Due to population development and industrialization in several end-use sectors where water treatment technology is utilized to produce clean, drinking water, the demand for chemically treated water has increased. For instance, Australia has increased to 25,978,935 population as of June 30, 2022. The quarterly growth was 88,200 people (0.3%). The increase in population each year was 290,900 (1.1%). This might be one of the main factors behind the country's rising need for clean water and the expansion of the membrane bioreactor sector in the upcoming years. The country's water quality has declined as a result of the major industrialization of the area and the consequent shortage of freshwater resources, prompting governments to put more emphasis on water treatment technology in order to offer clean and useable water. For instance, the cities with the most industries are Perth, Adelaide, Melbourne, and Sydney. Throughout the course of the projected period, this should encourage the market for membrane bioreactors to expand in Australia.  These factors raise the need for clean water across the country, and it is projected that the market for membrane bioreactors in Australia is expected to expand in during 2024-2028.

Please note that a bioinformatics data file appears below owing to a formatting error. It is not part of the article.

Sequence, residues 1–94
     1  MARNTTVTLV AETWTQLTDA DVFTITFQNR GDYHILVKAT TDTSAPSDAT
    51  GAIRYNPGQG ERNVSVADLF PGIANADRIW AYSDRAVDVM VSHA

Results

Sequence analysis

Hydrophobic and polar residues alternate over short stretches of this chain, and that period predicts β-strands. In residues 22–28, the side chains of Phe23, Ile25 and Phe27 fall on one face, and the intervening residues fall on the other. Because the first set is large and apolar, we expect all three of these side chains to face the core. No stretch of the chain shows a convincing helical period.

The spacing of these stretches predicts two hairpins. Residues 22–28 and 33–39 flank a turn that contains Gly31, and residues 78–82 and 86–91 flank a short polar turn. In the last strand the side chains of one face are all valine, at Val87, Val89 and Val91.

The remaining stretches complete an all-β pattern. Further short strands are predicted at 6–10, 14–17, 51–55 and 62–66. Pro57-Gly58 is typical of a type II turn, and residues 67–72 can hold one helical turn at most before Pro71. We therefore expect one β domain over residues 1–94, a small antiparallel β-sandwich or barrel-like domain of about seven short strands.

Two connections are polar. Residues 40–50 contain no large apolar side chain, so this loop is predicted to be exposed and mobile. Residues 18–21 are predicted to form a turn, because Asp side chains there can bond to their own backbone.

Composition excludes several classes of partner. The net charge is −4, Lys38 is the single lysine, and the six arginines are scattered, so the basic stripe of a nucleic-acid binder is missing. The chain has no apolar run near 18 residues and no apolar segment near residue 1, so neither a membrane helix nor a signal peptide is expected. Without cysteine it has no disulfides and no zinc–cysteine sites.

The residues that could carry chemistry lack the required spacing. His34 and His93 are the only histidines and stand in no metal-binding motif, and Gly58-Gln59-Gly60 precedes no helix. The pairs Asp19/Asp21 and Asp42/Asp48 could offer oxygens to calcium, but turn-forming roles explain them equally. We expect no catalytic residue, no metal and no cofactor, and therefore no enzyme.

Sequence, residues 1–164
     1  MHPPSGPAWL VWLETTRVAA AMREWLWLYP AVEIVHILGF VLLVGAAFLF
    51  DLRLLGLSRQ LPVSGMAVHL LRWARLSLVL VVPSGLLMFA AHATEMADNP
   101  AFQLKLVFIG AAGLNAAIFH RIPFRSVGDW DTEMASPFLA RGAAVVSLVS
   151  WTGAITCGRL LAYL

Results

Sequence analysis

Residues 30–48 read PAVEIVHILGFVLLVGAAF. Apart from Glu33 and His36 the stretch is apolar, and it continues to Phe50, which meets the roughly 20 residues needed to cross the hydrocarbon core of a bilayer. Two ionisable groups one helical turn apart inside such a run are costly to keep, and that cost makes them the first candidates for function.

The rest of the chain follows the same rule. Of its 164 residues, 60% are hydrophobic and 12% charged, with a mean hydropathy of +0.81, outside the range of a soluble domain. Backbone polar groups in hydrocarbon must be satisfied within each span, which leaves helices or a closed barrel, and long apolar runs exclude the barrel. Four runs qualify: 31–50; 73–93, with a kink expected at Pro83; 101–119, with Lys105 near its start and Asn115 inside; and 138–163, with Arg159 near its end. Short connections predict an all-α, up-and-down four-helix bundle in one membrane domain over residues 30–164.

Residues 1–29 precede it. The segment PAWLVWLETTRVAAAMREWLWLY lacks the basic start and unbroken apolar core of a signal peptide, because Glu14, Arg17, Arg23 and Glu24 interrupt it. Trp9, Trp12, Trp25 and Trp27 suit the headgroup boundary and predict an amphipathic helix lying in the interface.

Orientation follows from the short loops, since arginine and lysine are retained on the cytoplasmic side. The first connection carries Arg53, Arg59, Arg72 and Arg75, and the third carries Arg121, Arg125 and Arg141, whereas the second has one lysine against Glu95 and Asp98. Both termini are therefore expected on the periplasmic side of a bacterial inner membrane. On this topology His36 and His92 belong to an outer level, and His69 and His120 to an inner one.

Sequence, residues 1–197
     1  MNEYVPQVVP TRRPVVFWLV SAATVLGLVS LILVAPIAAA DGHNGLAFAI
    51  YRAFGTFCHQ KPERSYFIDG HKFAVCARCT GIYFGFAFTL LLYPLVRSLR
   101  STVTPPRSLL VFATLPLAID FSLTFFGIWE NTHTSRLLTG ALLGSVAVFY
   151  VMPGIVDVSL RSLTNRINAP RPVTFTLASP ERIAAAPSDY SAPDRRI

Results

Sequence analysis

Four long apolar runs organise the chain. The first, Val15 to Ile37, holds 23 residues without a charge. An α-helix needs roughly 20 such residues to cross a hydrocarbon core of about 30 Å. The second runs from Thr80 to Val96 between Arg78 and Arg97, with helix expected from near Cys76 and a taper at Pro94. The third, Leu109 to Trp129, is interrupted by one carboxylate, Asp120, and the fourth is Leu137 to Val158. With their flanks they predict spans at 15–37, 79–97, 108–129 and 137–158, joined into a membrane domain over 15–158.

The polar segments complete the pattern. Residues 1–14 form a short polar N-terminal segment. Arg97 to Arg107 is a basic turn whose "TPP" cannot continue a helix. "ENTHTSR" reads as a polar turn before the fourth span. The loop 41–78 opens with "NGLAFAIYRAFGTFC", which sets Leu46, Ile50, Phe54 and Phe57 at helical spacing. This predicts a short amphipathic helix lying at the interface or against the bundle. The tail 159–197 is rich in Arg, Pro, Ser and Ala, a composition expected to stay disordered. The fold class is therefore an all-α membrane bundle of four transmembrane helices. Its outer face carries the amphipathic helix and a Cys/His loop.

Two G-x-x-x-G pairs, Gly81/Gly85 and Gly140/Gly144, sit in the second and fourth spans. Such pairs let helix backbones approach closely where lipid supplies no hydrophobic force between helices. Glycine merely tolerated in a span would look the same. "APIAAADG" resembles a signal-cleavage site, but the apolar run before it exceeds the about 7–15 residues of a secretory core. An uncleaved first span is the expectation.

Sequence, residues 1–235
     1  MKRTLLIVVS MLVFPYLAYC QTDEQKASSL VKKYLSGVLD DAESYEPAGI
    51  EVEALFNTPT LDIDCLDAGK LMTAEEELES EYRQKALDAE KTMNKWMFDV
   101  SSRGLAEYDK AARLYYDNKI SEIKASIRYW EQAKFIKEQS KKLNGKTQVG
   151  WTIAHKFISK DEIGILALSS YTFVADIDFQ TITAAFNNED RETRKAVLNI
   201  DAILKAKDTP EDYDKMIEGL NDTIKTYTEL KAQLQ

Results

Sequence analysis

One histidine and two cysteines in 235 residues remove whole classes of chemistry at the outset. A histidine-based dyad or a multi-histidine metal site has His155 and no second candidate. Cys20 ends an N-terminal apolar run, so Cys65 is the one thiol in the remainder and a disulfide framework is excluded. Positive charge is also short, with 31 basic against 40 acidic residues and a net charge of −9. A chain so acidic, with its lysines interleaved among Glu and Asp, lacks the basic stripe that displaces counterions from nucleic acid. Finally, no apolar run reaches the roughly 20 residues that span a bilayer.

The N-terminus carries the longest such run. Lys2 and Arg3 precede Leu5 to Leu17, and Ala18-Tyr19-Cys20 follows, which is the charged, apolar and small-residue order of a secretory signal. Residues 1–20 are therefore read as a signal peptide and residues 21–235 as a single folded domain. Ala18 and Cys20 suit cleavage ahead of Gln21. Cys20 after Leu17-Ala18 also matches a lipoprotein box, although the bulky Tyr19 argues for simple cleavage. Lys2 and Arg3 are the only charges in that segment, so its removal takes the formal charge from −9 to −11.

High Usage of Membrane Bioreactor (MBR) Systems

Membrane bioreactor (MBR) systems can manage a variety of water pollutants, including nitrogen, bacteria, pathogens, suspended particles, and other contaminants that are often found in municipal and industrial waste. Both the moving bed biofilm reactor and the activated sludge process (ASP) now in use are less efficient in treating wastewater. Reverse osmosis, microfiltration, ultrafiltration, and nanofiltration are often performed in hollow fibre, flat sheet, and multi-tubular membrane bioreactors.   Due to the rapid urbanization and infrastructure development in developing countries, the market for membrane bioreactor (MBR) systems is predicted to climb even faster going forward. The Australia Membrane Bioreactor market value is anticipated to increase because of the growing consumer need for affordable and durable goods.

Recent Developments and Investment:

  • The Australian Water Partnership (AWP) - Invested USD 23million, 2019-2023

The Australian Water Partnership (AWP) is a global initiative that runs from 2019 to 2023 (Phase II) and mobilizes Australia's well-known water management skills in support of goals for foreign policy and international development. More than 200 partners, largely Australian, contribute their water knowledge to AWP. Almost 30 nations, including the great majority in the Indo-Pacific, have benefited from the technical support programmes that AWP has offered since its founding in 2015.

All of its operations were modified, many were refocused, and some new projects were created. For instance, in collaboration with the Pacific Water and Wastewater Association, AWP created a Pacific "Telewater" network that offers virtual technical support to water utilities throughout the Pacific (the industry association for water utilities in the Pacific).